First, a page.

Authors: Aziz MF et al., Br J Anaesth 2016 Jul 117:118
In a study of operating room intubations with acute-angled videolaryngoscopes, “sniffing” head position, reduced mouth opening, and attending intubators were associated with prolonged intubation times.
To identify predictors of difficult or prolonged intubation with hypercurved video laryngoscopes, investigators conducted a secondary analysis of a randomized controlled trial of 1100 elective surgery patients who were intubated with either GlideScope or C-MAC D-blade video laryngoscopy after anesthesia and neuromuscular blockade. Markers of intubation difficulty (Mallampati score III or IV, reduced mouth opening and neck mobility, large neck circumference) as well as patient and operator-level variables were collected. Difficult intubation was defined as more than one attempt or a single successful attempt that took longer than 60 seconds.
Intubation was deemed difficult in 301 patients: in 27 because it required a second attempt, in 244 because it took longer than 60 seconds, and in 30 for both reasons. Overall, first-attempt intubation success was >95%. In multivariable regression analysis, factors independently associated with difficult intubation were attending (vs. resident) intubator (odds ratio, 1.83), reduced mouth opening (OR, 1.18), cardiothoracic or otolaryngologic (vs. general) surgery (ORs, 6.13 and 1.89, respectively), and sniffing (vs. neutral cervical spine) position (OR, 1.63).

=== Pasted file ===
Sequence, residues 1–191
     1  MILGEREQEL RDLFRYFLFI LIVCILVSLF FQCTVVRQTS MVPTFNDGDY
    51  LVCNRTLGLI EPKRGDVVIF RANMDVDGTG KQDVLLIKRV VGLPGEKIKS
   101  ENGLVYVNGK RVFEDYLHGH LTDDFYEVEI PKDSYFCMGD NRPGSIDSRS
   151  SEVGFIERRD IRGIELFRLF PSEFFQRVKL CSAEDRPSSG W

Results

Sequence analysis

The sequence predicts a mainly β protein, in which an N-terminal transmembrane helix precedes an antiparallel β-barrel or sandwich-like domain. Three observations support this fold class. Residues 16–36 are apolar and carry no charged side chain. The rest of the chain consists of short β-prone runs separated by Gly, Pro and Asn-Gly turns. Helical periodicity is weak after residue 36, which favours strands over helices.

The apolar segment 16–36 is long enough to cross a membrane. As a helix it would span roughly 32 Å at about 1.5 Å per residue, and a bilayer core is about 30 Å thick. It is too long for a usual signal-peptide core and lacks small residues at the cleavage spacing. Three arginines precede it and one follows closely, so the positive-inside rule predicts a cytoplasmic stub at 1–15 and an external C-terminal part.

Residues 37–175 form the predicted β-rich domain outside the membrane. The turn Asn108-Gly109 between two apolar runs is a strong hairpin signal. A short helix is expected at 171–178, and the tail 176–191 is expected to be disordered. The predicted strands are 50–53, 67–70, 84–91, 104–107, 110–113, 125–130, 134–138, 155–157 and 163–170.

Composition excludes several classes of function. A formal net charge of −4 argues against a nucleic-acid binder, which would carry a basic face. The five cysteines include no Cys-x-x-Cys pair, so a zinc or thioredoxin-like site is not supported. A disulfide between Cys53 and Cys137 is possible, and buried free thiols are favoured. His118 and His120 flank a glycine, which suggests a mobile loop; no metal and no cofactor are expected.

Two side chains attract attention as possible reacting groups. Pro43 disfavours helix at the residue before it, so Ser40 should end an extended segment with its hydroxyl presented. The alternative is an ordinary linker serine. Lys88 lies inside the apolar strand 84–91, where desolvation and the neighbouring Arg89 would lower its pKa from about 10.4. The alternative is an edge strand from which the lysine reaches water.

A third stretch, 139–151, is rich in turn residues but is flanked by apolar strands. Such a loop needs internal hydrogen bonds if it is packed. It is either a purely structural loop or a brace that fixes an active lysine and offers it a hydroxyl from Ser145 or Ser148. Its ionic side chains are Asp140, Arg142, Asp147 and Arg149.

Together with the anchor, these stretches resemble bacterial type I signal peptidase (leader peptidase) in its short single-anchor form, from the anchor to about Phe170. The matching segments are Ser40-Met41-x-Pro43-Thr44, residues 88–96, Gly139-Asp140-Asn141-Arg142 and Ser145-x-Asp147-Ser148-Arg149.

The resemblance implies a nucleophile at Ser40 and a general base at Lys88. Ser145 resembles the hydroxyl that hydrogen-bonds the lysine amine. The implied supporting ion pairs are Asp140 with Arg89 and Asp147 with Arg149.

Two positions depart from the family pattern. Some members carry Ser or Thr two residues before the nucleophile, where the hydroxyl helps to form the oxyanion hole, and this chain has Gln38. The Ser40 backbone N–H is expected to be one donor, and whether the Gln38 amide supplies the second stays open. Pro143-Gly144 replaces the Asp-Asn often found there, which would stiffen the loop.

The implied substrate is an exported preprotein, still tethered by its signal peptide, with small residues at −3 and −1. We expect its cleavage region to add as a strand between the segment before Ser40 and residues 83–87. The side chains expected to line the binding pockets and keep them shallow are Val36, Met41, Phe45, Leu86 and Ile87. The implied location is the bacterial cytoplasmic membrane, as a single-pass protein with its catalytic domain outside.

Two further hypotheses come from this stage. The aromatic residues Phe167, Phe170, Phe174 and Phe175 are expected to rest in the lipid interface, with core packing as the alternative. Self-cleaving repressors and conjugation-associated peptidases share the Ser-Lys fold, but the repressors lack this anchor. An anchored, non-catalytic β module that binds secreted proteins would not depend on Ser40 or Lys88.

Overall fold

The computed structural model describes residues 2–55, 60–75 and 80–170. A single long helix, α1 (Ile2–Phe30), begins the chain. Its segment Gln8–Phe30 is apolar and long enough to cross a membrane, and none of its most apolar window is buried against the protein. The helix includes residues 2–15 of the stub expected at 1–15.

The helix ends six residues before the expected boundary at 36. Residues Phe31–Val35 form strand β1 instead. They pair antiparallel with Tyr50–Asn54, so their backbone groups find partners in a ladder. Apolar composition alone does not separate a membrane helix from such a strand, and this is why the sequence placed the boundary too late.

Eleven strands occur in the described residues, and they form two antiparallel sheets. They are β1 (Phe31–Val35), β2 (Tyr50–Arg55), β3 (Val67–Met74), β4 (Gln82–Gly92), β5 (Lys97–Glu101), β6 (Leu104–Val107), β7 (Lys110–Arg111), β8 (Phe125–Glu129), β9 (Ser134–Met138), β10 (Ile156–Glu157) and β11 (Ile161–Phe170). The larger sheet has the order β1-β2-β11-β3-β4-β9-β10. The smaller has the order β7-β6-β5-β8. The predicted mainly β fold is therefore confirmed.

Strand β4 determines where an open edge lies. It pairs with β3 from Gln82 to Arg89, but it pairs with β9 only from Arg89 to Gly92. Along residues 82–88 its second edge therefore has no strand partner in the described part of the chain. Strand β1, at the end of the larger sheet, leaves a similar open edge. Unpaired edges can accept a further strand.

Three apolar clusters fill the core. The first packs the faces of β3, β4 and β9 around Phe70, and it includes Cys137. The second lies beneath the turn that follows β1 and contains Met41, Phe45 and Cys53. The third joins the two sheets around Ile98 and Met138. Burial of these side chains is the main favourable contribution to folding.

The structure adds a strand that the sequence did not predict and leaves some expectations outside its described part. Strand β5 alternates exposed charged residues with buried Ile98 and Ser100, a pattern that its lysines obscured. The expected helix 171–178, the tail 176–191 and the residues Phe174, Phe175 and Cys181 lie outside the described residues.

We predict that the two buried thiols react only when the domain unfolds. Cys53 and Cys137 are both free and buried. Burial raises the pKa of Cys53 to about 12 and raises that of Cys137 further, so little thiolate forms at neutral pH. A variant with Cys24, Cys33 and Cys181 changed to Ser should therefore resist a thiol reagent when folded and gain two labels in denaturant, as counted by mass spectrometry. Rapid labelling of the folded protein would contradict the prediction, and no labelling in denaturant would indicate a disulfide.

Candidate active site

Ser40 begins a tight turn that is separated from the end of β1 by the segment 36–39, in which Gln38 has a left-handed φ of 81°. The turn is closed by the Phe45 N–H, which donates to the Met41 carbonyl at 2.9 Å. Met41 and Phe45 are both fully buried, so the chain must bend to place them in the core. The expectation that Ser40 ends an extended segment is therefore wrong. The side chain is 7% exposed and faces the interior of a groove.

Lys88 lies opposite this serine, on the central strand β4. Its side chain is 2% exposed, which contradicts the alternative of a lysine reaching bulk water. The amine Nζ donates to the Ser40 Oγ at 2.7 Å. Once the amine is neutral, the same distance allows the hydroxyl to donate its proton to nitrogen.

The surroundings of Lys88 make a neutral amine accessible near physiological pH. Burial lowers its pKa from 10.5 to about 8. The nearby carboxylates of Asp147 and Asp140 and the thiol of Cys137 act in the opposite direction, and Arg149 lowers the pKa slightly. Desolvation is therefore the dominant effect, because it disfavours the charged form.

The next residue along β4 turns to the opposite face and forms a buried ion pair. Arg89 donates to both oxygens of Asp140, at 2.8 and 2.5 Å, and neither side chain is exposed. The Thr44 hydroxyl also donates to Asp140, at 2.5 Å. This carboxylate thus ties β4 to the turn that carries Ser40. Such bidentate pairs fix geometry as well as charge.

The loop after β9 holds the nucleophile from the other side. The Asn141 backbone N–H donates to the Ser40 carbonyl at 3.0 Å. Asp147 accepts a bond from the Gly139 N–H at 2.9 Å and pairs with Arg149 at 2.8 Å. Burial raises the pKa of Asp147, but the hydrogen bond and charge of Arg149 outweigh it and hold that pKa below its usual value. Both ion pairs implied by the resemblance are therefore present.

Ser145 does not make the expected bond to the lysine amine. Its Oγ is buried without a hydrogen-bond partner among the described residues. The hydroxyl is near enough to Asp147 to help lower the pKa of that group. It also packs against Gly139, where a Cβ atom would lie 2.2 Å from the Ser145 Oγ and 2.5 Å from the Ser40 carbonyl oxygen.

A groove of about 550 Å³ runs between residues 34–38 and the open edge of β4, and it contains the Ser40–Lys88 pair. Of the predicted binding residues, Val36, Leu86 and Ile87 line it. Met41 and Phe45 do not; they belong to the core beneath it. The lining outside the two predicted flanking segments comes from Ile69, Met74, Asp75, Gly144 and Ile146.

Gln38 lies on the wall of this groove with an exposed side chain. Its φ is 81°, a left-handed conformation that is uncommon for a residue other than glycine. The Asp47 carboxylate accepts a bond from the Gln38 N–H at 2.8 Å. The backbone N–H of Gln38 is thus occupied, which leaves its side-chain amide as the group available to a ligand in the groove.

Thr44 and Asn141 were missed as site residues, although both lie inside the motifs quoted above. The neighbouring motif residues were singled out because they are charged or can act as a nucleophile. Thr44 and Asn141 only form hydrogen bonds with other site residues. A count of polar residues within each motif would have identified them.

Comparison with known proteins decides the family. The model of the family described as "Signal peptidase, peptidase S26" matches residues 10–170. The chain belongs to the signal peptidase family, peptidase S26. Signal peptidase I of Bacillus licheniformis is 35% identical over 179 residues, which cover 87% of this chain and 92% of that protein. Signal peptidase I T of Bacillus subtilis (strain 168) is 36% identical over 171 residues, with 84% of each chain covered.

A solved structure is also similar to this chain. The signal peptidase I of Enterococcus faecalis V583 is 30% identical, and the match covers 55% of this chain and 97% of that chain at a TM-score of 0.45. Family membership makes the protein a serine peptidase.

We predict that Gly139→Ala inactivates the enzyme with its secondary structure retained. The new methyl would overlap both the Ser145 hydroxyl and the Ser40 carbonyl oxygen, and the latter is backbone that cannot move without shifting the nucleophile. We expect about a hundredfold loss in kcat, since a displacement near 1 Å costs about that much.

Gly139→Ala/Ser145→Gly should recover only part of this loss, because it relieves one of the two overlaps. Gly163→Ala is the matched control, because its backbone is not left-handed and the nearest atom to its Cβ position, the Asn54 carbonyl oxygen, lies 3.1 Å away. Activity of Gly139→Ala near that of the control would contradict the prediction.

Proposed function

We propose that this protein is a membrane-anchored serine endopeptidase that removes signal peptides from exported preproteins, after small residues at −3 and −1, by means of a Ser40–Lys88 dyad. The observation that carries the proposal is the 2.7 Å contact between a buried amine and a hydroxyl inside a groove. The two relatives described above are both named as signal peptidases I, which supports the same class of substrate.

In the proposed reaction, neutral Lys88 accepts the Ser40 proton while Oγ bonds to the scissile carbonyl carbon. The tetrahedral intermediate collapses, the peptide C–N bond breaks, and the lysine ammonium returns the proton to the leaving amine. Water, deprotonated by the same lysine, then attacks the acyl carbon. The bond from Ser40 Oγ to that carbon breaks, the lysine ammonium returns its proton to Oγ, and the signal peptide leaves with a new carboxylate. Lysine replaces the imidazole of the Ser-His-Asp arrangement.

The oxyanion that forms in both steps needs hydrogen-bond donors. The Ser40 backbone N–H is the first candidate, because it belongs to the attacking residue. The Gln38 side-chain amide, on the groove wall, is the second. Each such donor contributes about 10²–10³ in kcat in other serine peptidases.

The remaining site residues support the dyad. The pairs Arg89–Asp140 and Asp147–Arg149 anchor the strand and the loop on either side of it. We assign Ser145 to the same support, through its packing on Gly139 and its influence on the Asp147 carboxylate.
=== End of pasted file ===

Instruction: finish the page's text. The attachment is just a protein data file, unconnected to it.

Practice makes perfect with hypercurved videolaryngoscopes, and attending intubators were less successful likely because they supervise more than they intubate. To maximize intubation success and efficiency, emergency physicians using a hypercurved videolaryngoscope should use it regularly and consider placing the patient in neutral cervical spine position.